Leeds is such a brilliant place to live, there’s always so much going on, with loads of changes taking place 24/7; it also guarantees that most nights something pretty cool is happening somewhere pretty awesome. Having lived in this city for six years now, I feel as though I haven’t quite taken advantage of some of its most classic forms of entertainment… ballet.
With Northern Ballet being known as ‘Europe’s Best Dance Company’, it almost seems a missed opportunity to not see their skilled dancers and beautiful performances. A few weeks ago, I was invited along to the Grand Theatre by First Direct to watch the infamous Swan Lake ballet with a genius twist thanks to David Nixon, who has been Artistic Director of Northern Ballet since 2001.Who can say no to getting glammed up for the ballet and having a lovely get together with other bloggers. For the special occasion, I picked out my all-time favourite dress I snapped up from Zara last year, but have since struggled to find the right time to wear it. For the ballet, this black leather number was absolutely perfect. And with the Grand Theatre being as grand as grand can be, can you blame us for a stair picture? From left to right you have: Dash, Danielle, Gabby and myself!
Although I have never seen the original Swan Lake, I knew of the story and therefore looked forward to seeing how Nixon wanted to interpret the story. We were recommended to read the synopsis, only to not get lost in the story mid performance, but instead I went in blind and let my own imagination piece it all together, and see if I could follow Nixon’s plot.
We were invited along to the private room, where as we waited for Nixon to join us and talk to us about his version of the Swan Lake, we had the perfect chance to natter about all things bloggery, enjoy wine and of course get snap happy.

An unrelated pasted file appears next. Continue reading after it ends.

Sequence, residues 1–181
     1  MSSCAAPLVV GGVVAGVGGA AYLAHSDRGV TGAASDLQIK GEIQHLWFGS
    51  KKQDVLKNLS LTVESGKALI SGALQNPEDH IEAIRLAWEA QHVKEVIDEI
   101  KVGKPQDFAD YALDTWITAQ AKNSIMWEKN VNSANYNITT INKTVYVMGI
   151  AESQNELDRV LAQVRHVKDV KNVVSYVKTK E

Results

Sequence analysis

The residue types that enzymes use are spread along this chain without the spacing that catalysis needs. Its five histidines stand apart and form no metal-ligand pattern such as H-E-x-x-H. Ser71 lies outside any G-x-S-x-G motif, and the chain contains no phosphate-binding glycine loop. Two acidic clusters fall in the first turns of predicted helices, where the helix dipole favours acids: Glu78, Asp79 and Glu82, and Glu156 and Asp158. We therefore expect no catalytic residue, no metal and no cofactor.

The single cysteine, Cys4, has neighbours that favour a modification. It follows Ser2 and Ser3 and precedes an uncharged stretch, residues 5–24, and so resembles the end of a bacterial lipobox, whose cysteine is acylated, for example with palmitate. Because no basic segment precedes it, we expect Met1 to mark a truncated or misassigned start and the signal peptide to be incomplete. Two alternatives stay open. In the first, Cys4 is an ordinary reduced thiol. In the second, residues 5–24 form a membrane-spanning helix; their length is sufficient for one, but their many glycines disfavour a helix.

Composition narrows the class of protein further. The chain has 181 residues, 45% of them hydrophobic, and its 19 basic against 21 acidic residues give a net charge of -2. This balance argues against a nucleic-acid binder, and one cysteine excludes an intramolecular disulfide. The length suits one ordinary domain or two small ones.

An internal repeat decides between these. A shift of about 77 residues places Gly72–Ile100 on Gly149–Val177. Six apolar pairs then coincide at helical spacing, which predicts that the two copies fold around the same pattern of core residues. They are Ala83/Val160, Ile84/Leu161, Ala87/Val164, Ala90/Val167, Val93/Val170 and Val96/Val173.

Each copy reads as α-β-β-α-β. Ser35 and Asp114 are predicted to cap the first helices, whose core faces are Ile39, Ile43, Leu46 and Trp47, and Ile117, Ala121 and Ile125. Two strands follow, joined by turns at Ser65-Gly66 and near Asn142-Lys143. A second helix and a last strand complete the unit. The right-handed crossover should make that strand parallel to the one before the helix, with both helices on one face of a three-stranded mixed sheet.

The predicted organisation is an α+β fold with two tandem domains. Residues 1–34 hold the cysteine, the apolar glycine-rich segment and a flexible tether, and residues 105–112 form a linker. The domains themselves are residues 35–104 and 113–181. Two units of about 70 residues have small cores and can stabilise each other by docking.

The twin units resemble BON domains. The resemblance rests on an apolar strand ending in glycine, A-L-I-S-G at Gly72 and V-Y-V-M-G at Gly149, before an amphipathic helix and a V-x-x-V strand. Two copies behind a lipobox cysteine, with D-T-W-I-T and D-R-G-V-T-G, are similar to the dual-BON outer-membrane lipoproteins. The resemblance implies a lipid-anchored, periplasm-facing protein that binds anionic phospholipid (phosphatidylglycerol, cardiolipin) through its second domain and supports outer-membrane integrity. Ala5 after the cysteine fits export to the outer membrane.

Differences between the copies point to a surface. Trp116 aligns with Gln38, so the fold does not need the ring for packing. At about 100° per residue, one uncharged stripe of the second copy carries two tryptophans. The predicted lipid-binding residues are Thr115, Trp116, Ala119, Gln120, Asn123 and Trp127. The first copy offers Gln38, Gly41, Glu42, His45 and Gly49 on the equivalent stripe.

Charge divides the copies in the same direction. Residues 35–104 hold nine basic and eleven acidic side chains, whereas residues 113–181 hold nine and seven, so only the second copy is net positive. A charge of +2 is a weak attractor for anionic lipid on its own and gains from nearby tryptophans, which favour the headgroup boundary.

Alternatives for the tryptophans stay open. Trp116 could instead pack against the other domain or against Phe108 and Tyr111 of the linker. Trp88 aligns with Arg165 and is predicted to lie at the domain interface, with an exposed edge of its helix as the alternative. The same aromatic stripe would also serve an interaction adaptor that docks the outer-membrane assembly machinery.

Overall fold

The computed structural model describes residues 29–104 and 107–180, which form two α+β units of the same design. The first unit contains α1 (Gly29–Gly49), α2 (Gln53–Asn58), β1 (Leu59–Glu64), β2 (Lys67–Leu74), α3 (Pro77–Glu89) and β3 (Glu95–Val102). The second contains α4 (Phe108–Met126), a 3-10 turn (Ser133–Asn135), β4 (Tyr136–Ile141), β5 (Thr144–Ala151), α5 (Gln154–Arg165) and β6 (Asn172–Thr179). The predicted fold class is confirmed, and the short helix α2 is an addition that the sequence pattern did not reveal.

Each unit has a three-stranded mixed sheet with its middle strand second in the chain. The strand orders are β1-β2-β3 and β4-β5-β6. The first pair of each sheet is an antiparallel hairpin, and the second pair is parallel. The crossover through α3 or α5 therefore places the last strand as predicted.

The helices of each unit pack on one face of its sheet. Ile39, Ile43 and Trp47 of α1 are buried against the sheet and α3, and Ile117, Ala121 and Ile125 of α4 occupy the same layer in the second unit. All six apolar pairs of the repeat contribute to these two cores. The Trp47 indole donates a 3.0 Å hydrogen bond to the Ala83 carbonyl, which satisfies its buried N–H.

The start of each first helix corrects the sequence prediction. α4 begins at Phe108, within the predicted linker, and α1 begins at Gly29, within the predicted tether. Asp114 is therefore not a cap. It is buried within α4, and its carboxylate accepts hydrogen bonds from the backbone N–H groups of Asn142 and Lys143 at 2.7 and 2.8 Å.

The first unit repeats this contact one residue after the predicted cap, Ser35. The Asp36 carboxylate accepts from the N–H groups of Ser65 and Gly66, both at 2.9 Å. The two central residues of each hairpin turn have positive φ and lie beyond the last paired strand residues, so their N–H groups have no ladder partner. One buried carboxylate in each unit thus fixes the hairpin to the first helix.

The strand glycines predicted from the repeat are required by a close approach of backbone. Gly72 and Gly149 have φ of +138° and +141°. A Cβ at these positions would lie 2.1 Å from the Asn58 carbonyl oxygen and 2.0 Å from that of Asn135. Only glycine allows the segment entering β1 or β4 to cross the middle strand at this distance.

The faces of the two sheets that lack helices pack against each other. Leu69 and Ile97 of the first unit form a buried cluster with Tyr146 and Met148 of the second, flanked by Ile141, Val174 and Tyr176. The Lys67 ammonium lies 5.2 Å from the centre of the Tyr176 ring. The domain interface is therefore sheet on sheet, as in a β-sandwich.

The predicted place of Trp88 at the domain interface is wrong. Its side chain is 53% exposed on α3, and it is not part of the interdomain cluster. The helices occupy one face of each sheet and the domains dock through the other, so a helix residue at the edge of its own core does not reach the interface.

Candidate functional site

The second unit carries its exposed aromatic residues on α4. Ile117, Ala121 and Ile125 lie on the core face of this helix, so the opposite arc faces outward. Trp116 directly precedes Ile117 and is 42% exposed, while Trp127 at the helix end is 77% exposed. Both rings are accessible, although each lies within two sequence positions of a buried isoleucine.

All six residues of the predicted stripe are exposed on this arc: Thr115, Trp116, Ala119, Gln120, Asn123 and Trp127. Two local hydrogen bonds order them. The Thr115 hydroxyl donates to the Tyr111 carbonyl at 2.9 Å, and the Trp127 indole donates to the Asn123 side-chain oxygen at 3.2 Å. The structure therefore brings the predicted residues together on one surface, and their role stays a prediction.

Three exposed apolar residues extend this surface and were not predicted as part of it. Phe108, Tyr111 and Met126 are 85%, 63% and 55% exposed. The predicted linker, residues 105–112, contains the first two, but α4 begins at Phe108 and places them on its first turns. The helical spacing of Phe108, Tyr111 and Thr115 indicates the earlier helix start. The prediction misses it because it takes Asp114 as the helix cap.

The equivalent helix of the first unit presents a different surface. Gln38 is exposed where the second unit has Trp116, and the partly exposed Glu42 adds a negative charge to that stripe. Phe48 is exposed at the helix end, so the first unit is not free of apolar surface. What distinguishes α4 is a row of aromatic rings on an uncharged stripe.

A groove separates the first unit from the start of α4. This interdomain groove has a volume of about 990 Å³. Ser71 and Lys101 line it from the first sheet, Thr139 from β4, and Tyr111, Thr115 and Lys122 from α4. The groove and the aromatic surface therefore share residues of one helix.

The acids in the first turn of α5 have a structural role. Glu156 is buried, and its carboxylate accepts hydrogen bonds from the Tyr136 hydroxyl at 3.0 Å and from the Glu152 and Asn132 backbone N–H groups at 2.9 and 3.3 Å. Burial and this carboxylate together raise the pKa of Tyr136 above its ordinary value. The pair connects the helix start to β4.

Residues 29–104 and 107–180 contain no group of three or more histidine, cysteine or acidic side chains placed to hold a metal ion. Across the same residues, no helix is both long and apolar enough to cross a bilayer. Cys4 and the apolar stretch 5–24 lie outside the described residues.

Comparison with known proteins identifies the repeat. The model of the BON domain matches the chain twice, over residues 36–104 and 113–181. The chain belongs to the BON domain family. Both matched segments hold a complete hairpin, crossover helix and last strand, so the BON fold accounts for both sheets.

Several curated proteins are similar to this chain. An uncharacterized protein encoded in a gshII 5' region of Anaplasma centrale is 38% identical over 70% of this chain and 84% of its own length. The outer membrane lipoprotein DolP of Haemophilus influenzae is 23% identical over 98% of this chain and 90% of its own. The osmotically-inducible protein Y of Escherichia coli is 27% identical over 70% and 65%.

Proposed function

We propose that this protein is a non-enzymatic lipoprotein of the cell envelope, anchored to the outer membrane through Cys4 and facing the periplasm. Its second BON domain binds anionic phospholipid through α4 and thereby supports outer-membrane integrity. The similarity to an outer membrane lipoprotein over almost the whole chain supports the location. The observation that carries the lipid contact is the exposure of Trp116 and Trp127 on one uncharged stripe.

A few wines later, Nixon appeared and gave a lovely informal speech about his experience in ballet, as well as of course Swan Lake.
The ballet begins with a death and creates a very sinister feel to it, as the brother of the main character (Anthony) drowns in the lake, with only Anthony blaming himself for the death. The tragedy is eerie, and really sets the tone for the rest of the performance, were you begin to understand that Anthony is obsessed with the lake.
The performance is an emotional journey as you see Anthony enjoy life one moment, to then becoming a reclusive and remorseful thinking back to the death of his brother, to then being confused and falling in love with his best friend Simon.
I quite like twisted stories, and I love having to guess if what I’m thinking is really what the performance is intending for me to think. There was certainly a lot of ‘back’ and ‘forth’ in terms of feelings and relationships, as you then also watch the peculiar relationship develop between Anthony and the swan Odette. There’s a lot going on, as well as Anthony feeling the pressure to adhere to the expectations of the 1900’s and declares his love for a woman, Odilia.Although Anthony tries to move on, he is surrounded and haunted by his fears, which essentially are more of his secret desires, such as his fixation of the swan and the lake, plus his love for Simon. Throughout the performances, he’s tested and tempted and finds himself in heated moments that ultimately lead to his unhappiness by not being able to live out his dreams.
In the final act you see Anthony by the lakeside, where Odette makes an appearance, who takes advantage of his weak state and lures him in. And in a hypnotic trance she takes him under her wing (hah!). Surrounded by a ballet of swans, Anthony becomes a bird and seems most at peace as the symbolic turquoise sheet from above drops and covers him, representing the lakeside mass.
The dancing was majestic, and nowhere near as engaging as I thought it could be. As sad as the story is, there was some really entertaining bits where the audience laughed out loud, and watching the men glide across the stage was just bloody amazing. Hypnotising really were the female ballet dancers, and the fact that most scenes meant that at least 10 swans where moving together identically was just fascinating.
One thing Nixon reiterated in his speech before the show was that the female dancers had a lot more training into learning how a swan acts and move to reinforce this during their performance.
To finish off the night, we had a wonderful opportunity to meet and talk to some of the dancers from Swan Lake.
I absolutely loved the entire night, amazing entertainment and wonderful company. If you haven’t yet vwatched a Northern Ballet performance, I can highly recommend it as there are some brilliant stories to be enjoyed. One of my all time favourite Disney’s is being performed next January, so I’m already excited to watch Beauty and the Beast in ballet format.